First World War centenary: Tragic story of Bromley boy soldier highlights war’s lost generation

PUBLISHED: 14:05 21 February 2014 | UPDATED: 14:05 21 February 2014

Mickey Crouch with his great-uncle's medals

Mickey Crouch with his great-uncle's medals


The lost generation of the First World War haunted every corner of the country, with the sheer mass of lives lost and promise unfulfilled unlike anything which had ever been seen before.

A picture of George CrouchA picture of George Crouch

Scores of young men died on the battlefields, leaving their families with ghosts where they once stood and embodying the tragic truth that their potential would never be realised.

Among those who gave up their lives were thousands of boy soldiers, who fought on the Western Front pretending they were 18.

One was Bromley-raised George Crouch, who enlisted as a 16-year-old before being killed in 1918. His body was never found.

His great-nephew Mickey Crouch, 48, became aware of George’s story after discovering medals in his late grandmother’s house five years ago. He lives in the same street his ancestor did before he signed up to fight – Homesdale Road.

George's campaign and service medalsGeorge's campaign and service medals

“I wasn’t aware of my great uncle as none of my grandparents spoke about him,” said Mickey.

“I didn’t know my grandfather had a brother who died in the war. His story is tragic, but I felt proud of him after I found out more.”

George and his brother Bert, Mickey’s grandfather, were adopted into the Crouch family. They had previously lived in a Barnardo’s children’s home.

Upon contacting George’s regiment, the 2nd Battalion of the Lancashire Fusiliers, Mickey discovered George had enlisted in 1916 but was sent home from France when his superiors found out he was too young to be there.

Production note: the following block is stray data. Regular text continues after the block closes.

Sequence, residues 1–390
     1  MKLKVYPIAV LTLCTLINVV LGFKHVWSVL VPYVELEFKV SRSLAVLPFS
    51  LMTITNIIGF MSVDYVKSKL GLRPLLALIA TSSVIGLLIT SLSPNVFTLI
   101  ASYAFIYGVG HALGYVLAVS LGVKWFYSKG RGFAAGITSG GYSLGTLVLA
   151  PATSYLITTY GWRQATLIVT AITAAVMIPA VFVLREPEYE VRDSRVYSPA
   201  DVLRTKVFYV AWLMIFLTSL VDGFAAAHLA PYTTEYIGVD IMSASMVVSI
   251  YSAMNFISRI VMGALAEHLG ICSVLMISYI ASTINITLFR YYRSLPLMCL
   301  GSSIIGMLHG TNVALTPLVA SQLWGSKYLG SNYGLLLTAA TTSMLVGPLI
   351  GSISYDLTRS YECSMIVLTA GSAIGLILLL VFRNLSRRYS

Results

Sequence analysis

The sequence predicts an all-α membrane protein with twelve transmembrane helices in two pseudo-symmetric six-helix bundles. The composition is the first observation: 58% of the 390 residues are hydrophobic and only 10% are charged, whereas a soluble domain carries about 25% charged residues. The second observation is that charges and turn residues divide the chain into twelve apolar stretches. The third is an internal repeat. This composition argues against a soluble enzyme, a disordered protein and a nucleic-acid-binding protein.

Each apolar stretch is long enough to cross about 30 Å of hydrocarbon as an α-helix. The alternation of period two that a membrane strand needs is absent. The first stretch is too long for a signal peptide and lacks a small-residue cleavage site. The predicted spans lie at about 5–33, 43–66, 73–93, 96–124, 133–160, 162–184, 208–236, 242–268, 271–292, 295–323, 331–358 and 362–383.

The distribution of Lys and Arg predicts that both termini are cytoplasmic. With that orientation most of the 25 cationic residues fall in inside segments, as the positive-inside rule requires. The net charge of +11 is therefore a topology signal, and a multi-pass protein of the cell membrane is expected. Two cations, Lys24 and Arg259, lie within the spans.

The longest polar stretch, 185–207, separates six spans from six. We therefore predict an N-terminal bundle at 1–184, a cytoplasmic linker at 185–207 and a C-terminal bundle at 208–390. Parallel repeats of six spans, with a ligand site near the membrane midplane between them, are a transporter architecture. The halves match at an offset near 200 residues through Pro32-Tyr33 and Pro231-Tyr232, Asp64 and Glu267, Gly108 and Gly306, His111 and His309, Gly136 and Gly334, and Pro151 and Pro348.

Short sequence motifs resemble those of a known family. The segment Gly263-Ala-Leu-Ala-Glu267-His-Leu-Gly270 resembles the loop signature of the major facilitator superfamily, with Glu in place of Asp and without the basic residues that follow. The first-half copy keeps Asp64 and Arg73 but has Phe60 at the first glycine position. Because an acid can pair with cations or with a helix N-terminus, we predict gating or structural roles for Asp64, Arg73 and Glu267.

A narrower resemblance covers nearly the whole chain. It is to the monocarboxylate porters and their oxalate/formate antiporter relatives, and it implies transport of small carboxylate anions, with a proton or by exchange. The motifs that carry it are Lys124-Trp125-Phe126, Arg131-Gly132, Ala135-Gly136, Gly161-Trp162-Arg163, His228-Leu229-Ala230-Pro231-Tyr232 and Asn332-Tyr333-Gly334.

A document Mickey was given by his ancestor's regiment to provide more details about himA document Mickey was given by his ancestor's regiment to provide more details about him

He returned to England but rejoined the battalion when he came of age.

“They realised straight away he was only a lad,” said Mickey. But when he went back he died almost straight away. You think, he could have been safe. But he went back to fight and got killed.”

George lost his life on March 28, 1918, aged 19, while fighting in Fampoux, near Arras.

The day was a bloodbath, with most of his battalion being killed.

The youngest British soldier who fought in the First World War

- Sidney Lewis, of Kingston-on-Thames, is the youngest known British soldier to fight in the First World War.

- He was just 12 when he enlisted with the East Surrey Regiment in August 1915, after allegedly running away from home.

- By June 2016, Sidney was fighting on the Western Front and saw action during the Battle of the Somme.

- He fought there for six weeks before being ordered home to his mother.

- Sidney was awarded the Victory Medal and the British War Medal for his service.

- At the time, newspapers reported his story but his claim was not authenticated until 2013.

- The Imperial War Museum backed the claim after being shown family papers.

- Sidney joined Surrey police before later running a pub. He died aged 63 in 1969.

One of them, 2nd Lt Bernard Matthew Cassidy, was awarded the Victoria Cross posthumously.

Mickey said: “My gut feeling was that I didn’t think I would have been brave enough to do what he did as a 16-year-old.

“It was a very subservient time; young men did what they were told. You would probably get a very different reaction from today’s young people.

“He must have had the full support of his family, although I would love to know if he ran away.”

George was likely to have been placed in a shallow grave, although his body was never found. His name is on both the Bromley War Memorial and the Arras Memorial, in France.

Mickey believes the centenary of the war is an ideal time for people to remember the soldiers’ sacrifices.

He named his son Wilfred, now aged seven, after the famous First World War poet Wilfred Owen.

And he has told Wilfred all he knows about George’s life.

“It is important the knowledge is passed down through the generations,” said Mickey. “It was such a barbaric and futile war that it should never be forgotten.”

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